An RBC mortgage ad in a newspaper drew my attention. It offered a 3-year mortgage at 2.99% and a 7-year mortgage at 3.59%. However, what really caught my eye were some percentages in large font in the fine print. It turns out the advertised rates assume a $250 processing fee, and the actual rates when this fee is accounted for are higher than the advertised rates.

The fine print says that the advertised rates are “based on a $200,000 mortgage and a mortgage processing fee of $250.” The fine print goes on to say that the 3-year 2.99% offer is really 3.04%, and the 7-year 3.59% offer is really 3.61%. To RBC’s credit, the real rates were in a huge font compared to the rest of the fine print. However, it would be better if they just advertise the real rates in the first place.

Being a math guy I wondered how RBC came up with the real rates. I used a spreadsheet to try one method that matches RBC’s numbers, so it may be how they did it. For starters, I assumed a 25-year mortgage.

A $200,250 mortgage amortized over 25 years at 2.99% gives a payment of $946.65 per month. The mortgage balance after 3 years is $183,298.88. The next step was to find the interest rate that makes a $200,000 mortgage with the same payments end up with the same mortgage balance after 3 years. The result was 3.036%, which rounds to the 3.04% in RBC’s fine print. Repeating this process for the 7-year mortgage gave an interest rate of 3.613%, which rounds to the rate in the fine print.

But why stop here? Why not bake in a $10,000 fee? Then the advertised rates can be 1.25% for 3 years and 2.74% for 7 years. I suspect RBC’s response to this is that the $250 fee represents a real cost they have for processing a mortgage. However, baking in a processing fee just makes it harder for Canadians to properly compare mortgage rates.

I'm confused, is the actual rate 3.036%, or is that the effective rate with the fixed fee?

ReplyDeleteIf you had a $500,000 mortgage, would the $250 fee make the effective rate something like 3.00%, or would they charge you 3.04% as the real rate?

If so, then adding big fees to tweak the advertised rate would work against them for larger mortgages...

@Potato: Depending on your point of view, it is either

ReplyDelete1) A $200,000 mortgage at 3.036% for 3 years, or

2) A $200,250 mortgage at 2.99% for 3 years, but they only give you $200,000 because of the fee.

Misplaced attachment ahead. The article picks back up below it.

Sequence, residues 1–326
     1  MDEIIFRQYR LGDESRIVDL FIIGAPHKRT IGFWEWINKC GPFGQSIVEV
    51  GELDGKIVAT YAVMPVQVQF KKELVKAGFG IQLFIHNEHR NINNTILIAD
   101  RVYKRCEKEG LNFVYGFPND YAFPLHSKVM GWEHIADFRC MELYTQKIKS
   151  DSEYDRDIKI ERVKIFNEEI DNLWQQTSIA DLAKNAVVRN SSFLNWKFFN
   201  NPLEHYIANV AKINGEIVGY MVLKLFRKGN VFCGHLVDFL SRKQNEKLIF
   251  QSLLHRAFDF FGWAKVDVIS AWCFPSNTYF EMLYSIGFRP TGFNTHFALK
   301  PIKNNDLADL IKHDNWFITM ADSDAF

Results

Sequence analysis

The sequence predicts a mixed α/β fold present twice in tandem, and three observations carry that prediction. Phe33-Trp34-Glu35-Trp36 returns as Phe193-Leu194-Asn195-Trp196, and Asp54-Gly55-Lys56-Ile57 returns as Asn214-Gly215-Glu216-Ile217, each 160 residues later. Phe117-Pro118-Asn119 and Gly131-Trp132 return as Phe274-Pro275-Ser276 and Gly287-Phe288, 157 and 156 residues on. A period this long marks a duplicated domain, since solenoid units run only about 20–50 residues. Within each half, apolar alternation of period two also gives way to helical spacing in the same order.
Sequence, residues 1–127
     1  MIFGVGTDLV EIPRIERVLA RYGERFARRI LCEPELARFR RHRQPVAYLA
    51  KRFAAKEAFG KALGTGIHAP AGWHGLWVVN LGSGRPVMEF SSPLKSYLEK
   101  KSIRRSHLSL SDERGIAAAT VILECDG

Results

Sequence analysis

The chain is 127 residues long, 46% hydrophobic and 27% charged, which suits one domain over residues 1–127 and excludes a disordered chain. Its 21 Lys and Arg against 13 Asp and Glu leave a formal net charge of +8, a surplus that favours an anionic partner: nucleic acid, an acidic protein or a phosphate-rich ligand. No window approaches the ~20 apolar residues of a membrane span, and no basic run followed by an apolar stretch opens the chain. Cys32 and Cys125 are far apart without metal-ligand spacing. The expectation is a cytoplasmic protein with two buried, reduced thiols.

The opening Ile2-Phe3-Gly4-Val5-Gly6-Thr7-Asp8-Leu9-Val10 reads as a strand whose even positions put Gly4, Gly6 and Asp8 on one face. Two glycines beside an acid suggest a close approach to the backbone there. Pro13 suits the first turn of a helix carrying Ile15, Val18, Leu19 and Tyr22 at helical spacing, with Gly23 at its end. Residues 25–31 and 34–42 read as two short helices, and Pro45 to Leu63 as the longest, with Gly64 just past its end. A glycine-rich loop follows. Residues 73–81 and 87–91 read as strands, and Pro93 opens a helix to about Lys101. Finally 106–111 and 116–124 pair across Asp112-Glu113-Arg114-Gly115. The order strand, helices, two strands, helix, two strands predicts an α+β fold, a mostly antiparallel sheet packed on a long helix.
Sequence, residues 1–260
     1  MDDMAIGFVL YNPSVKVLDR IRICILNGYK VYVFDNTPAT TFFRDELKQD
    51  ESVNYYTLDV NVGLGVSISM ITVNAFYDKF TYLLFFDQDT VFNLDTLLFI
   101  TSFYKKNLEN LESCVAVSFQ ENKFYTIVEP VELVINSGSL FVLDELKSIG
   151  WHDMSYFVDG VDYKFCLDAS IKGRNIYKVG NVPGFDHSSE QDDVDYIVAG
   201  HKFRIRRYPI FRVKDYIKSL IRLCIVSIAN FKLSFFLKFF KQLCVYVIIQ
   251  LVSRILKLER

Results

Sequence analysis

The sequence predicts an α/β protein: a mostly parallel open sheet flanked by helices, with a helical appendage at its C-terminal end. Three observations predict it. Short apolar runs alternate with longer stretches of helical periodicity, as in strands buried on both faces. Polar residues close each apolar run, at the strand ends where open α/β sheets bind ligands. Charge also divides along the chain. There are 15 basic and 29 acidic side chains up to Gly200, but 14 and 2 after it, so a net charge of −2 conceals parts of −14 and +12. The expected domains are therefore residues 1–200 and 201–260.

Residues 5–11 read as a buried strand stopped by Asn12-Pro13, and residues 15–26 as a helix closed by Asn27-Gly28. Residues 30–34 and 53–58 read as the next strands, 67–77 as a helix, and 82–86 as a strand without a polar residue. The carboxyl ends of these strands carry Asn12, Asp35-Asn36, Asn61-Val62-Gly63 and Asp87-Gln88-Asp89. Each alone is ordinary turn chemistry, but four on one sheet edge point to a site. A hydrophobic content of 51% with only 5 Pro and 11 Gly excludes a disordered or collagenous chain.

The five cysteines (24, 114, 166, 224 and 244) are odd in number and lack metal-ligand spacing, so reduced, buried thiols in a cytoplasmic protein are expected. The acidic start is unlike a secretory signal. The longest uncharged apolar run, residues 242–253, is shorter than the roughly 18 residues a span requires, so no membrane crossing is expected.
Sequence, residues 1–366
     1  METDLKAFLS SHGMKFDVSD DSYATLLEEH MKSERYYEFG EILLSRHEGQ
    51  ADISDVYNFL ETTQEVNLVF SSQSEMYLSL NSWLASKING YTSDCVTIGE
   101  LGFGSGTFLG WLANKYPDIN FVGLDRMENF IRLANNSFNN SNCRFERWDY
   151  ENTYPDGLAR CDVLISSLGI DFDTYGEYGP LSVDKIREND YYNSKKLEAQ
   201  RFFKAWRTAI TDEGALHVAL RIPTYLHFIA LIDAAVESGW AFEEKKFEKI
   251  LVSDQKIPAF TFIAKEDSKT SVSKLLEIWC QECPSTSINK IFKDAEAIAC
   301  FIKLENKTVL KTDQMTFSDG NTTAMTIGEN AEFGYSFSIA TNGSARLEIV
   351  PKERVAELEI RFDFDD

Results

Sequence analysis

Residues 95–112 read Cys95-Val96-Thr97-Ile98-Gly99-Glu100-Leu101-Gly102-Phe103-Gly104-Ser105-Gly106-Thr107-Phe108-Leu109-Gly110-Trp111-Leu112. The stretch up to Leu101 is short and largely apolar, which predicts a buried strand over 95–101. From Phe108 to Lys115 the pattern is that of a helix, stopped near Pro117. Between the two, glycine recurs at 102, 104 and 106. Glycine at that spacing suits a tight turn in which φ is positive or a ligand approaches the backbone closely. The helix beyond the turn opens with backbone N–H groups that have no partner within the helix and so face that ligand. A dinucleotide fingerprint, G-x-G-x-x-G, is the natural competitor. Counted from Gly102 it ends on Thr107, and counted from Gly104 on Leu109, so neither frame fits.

You're right that the difference in rates would have been smaller if the mortgage size were bigger.

I had noticed something similar with some car manufacturers' websites: To get their advertised financing rate (e.g., 0.99%) you lose a cash incentive (often $1500). So the effective interest rate was higher. But the last time I put together a car quote, they also listed the effective rate ("Informational APR") underneath. It makes a huge difference, I put together a generic Toyota and the advertised rate was 0.9% but actual rate was 5.7%. Their note says including that rate is a government requirement.

ReplyDelete@Lewin: I wasn't aware of this governement requirement -- thanks for the information. You're right that the situation with car financing is similar. I think the next step should be to require that APRs be fully compounded yearly rates instead of the current nonsense with either semi-annual or monthly compounding.

DeleteWhen companies change to be more transparent, I always assume that new regulations forced them to ;)

DeleteSo if you're evaluating a loan from a car dealership and one from your bank, should you be using the dealers "informational APR" so that you're comparing apples to apples? A line of credit uses simple interest instead of front-loaded...assume that makes the LOC an even more attractive option?

ReplyDelete@Geoff: Every line of credit I've ever seen uses compound interest. They calculate the interest rate as though it were simple interest and then compound it anyway to make the true interest rate higher than advertised. As for loans from a car dealership, I'm no expert on any games they might play with interest rates. However, if they mention an APR in fine print that is higher than the advertised rate, you can bet that the true rate is at least as high as the APR.

Delete